Next, highlighted in lime green at the start of the Detail section, we see that the accuracy issue may begin somewhere down the supply chain; in other words, “Supply Chain Visibility” is coming up

And last but not least, in the middle of the Detail section – highlighted red – there were possible issues with “Leadership Accountability”.

So, four topics – each needing a Value Code – but don’t panic: it’s not that each Thing That Matters needs four Value Codes:

  • You’ll find as you process them and consolidate topics that the same ones will come up again and again, representing underlying factors and patterns.
  • You can also select and adapt existing Value Codes (we have 100s and our partners have often built up their own libraries).
  • We’ve been working with large language models to support the drafting process.

But on that note, let’s now go into the detail of how a Value Code is put together.

Developing a Value Code

Again we have a template:

  • It starts with a concise Label and Description at the top to clearly identify the measure, and to describe its scope and content.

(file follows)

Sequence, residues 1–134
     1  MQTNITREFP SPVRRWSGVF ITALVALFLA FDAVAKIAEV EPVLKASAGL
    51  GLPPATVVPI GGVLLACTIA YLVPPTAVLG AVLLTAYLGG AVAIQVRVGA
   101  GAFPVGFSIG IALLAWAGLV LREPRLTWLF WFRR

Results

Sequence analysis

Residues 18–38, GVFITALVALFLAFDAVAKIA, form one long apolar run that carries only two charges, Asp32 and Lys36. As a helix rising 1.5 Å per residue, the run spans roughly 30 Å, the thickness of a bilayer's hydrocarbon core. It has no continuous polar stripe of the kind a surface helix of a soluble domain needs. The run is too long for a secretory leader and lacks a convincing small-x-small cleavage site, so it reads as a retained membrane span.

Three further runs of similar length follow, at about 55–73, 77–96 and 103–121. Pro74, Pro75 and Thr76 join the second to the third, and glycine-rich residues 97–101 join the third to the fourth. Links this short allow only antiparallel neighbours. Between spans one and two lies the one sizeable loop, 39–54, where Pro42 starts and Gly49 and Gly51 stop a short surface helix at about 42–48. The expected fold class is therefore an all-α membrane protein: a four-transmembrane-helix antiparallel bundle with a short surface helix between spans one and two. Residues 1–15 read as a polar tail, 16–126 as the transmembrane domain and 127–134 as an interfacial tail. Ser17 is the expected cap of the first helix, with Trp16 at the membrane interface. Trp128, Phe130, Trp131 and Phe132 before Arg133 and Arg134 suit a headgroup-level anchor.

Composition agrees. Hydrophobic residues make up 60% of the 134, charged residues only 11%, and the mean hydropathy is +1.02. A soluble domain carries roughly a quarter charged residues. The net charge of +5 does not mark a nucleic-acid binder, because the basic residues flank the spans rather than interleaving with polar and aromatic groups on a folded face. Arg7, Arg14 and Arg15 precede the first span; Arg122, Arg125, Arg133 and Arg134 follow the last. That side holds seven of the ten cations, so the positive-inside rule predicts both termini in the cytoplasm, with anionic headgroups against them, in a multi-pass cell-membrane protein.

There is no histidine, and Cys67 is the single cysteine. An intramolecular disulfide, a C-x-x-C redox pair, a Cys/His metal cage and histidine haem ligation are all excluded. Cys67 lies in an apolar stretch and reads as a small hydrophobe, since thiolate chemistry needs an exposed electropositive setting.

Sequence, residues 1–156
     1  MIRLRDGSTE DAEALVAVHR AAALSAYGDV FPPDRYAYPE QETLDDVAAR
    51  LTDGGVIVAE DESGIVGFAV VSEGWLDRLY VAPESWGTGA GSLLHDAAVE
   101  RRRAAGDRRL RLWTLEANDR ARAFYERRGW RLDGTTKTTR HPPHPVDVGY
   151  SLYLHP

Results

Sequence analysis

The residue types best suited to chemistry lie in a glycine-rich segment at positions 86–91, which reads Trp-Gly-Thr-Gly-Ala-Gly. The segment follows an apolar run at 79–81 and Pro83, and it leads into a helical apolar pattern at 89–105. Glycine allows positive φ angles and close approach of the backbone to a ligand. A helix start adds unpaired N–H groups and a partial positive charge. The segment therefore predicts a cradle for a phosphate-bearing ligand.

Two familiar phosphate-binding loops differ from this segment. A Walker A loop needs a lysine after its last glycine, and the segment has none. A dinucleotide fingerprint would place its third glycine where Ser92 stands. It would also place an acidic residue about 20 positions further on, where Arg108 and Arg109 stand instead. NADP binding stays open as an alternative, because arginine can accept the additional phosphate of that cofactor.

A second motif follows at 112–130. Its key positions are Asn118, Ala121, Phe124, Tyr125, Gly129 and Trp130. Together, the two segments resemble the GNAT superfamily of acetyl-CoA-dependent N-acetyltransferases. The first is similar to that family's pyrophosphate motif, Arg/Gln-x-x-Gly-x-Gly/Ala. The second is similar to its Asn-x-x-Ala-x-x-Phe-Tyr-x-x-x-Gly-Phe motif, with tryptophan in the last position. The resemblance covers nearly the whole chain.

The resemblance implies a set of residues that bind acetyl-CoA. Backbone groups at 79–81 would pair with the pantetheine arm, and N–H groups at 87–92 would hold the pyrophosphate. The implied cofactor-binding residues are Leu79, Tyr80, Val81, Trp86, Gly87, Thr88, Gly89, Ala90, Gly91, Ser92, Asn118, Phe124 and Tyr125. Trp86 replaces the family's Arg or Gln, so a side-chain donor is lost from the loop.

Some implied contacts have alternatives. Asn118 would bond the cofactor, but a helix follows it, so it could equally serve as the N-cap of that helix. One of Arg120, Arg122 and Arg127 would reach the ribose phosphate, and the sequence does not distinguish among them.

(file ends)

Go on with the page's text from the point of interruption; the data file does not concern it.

• Below that is a set of five progressive evaluation statements, each of which will have a label.
  • Then, at the bottom, there’s somewhere to capture the Things That Matter that the measure relates to, which is crucial to provide context for the measure, and to explain later why it’s there.

Now let’s use the last of the required Value Codes from our example Thing That MattersLeadership Accountability – and we already know that the Thing That Matters it related to (down at the bottom) was “Accuracy of Pricing Information”:

Next, we need to expand on the Value Code‘s Label and describe its scope and content with the Description.

This involves thinking about the different factors that are involved, and that would flow through (and differentiate) the evaluation statements. In this example, we included the extent of accountability, how willingly leadership accepted that accountability, how leadership performance was measured and reviewed, and whether this all led to change:

The Value Code is starting to take shape, so now for the evaluation statements below, starting with a set of labels – in this case, a fairly standard progression of Failing through to Best Practice – and then the detail of those statements:

We recommend starting with the lowest level as that’s easiest – it’s usually just that there’s no sign of whatever the measure is about actually happening (certainly true above!) – and then the highest level, to bookend and frame the levels in the middle, and this is essentially the very best that can be imagined.

Filling in the middle three statements usually takes more time and effort, because you’re aiming for the differences between the statements to suggest the necessary improvement actions: